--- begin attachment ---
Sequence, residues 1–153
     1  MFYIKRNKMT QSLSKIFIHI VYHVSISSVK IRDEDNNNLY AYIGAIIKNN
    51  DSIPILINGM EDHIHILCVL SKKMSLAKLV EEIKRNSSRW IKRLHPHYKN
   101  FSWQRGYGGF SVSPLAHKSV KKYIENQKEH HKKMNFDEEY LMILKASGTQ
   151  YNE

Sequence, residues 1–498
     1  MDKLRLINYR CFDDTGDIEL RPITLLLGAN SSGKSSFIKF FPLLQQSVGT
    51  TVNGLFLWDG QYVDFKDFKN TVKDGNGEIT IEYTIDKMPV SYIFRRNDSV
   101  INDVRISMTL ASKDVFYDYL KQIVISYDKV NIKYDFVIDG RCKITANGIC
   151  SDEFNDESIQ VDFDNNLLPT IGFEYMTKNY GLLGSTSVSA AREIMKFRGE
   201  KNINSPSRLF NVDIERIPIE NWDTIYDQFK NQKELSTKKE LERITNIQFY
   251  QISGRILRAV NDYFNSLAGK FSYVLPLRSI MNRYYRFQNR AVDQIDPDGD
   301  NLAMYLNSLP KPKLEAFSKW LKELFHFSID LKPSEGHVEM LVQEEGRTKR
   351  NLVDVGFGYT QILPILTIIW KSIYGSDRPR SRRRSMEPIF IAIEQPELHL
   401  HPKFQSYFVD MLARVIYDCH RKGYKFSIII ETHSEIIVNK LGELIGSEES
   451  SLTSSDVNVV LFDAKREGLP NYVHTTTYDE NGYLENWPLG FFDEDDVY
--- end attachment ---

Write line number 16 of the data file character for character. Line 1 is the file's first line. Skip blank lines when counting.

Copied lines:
   451  SLTSSDVNVV LFDAKREGLP NYVHTTTYDE NGYLENWPLG FFDEDDVY